All teachers on the curriculum creation committees were required to read the latest research best practices about thematic unit design,  best teaching and learning practices like in TELL, and Understanding by Design articles and documents. Committees also benchmarked thematic world language units created in school divisions throughout the US.

World Language curriculum units are being created for the three main levels of study of the basic program, Levels 1-3 offered in middle and high schools. Given that the number of teachers for each language Division-wide varies from one to 100, the larger language teams are further along the curriculum creation than the singleton languages such as Arabic, Korean, Russian, and the other smaller teams such as ASL, German, Italian, Latin, and even Spanish for Native Speakers.

Since WL just adopted new textbooks for all languages in 2015-16 and the phase in implementation of these new materials may vary be school given the school-based funding, the curriculum units are flexible to accommodate both the old and new textbook materials. Schools tend to phase in buying the new materials a year at a time, but a few schools purchased all levels and are implementing them at one time. It is also understood that first draft of the curriculum units will be revisited at the end of the school year for revisions based on the feedback of all teachers not only in pacing, but in every area to improve them.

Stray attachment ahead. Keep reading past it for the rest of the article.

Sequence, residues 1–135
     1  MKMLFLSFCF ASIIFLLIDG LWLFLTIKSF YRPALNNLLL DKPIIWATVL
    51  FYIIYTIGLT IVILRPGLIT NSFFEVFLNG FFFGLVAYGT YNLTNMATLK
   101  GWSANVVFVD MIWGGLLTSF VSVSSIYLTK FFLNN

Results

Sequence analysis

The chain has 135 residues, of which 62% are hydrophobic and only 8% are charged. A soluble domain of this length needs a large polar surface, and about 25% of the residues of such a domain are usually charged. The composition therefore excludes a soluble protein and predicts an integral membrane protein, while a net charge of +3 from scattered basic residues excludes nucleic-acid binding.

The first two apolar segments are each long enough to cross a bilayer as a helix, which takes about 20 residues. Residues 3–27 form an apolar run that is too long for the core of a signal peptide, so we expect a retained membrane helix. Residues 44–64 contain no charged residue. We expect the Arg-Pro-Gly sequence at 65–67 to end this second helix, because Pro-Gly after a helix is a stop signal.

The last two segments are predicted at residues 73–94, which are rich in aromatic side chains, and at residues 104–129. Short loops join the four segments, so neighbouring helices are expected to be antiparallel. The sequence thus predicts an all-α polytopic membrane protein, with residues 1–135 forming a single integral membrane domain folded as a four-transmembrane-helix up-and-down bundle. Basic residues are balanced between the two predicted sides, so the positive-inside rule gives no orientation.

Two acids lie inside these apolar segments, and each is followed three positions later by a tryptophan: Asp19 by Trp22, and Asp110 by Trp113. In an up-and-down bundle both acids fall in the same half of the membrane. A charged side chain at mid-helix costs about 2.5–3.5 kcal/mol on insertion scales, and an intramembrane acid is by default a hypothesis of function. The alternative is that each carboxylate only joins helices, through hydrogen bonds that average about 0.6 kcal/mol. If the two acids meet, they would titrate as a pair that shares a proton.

Curriculum units provide parents and students a user-friendly format to understand the content of every area of study as the template is the same Division-wide.  Feel free to communicate with WL Supervisor, Carol Bass, at 703.791.8706 or bassc@pwcs.edu with any questions.



 
Virginia Department of Education Standards of Learning (SOL) 
On May 22, 2014, the Board of Education approved the revised Foreign Language Standards of Learning, See the revised documents below.
There are no Foreign Language SOL tests: the SOLs are the State Curriculum. 

Virginia Standards of Learning (Modern Foreign Language): ALL Languages.pdf